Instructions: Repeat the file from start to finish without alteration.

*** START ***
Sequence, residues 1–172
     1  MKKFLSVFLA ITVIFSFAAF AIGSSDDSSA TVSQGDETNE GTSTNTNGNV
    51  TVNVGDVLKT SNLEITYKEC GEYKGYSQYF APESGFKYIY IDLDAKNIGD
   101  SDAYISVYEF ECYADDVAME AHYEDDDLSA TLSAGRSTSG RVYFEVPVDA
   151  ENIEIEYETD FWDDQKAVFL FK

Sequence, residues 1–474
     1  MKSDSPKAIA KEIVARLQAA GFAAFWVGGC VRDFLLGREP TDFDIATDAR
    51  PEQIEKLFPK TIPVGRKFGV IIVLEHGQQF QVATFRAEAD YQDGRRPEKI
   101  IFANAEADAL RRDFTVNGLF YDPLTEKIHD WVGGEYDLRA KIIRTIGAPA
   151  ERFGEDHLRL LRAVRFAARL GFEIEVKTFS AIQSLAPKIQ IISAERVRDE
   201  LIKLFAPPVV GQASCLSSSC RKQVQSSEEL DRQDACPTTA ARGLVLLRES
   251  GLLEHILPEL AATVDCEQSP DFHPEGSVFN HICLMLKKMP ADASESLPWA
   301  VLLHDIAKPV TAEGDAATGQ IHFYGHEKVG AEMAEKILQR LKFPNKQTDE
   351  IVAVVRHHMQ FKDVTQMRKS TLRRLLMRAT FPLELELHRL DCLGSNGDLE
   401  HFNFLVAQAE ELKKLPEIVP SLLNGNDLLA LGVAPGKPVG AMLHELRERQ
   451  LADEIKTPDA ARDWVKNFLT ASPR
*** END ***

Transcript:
Sequence, residues 1–172
     1  MKKFLSVFLA ITVIFSFAAF AIGSSDDSSA TVSQGDETNE GTSTNTNGNV
    51  TVNVGDVLKT SNLEITYKEC GEYKGYSQYF APESGFKYIY IDLDAKNIGD
   101  SDAYISVYEF ECYADDVAME AHYEDDDLSA TLSAGRSTSG RVYFEVPVDA
   151  ENIEIEYETD FWDDQKAVFL FK

Sequence, residues 1–474
     1  MKSDSPKAIA KEIVARLQAA GFAAFWVGGC VRDFLLGREP TDFDIATDAR
    51  PEQIEKLFPK TIPVGRKFGV IIVLEHGQQF QVATFRAEAD YQDGRRPEKI
   101  IFANAEADAL RRDFTVNGLF YDPLTEKIHD WVGGEYDLRA KIIRTIGAPA
   151  ERFGEDHLRL LRAVRFAARL GFEIEVKTFS AIQSLAPKIQ IISAERVRDE
   201  LIKLFAPPVV GQASCLSSSC RKQVQSSEEL DRQDACPTTA ARGLVLLRES
   251  GLLEHILPEL AATVDCEQSP DFHPEGSVFN HICLMLKKMP ADASESLPWA
   301  VLLHDIAKPV TAEGDAATGQ IHFYGHEKVG AEMAEKILQR LKFPNKQTDE
   351  IVAVVRHHMQ FKDVTQMRKS TLRRLLMRAT FPLELELHRL DCLGSNGDLE
   401  HFNFLVAQAE ELKKLPEIVP SLLNGNDLLA LGVAPGKPVG AMLHELRERQ
   451  LADEIKTPDA ARDWVKNFLT ASPR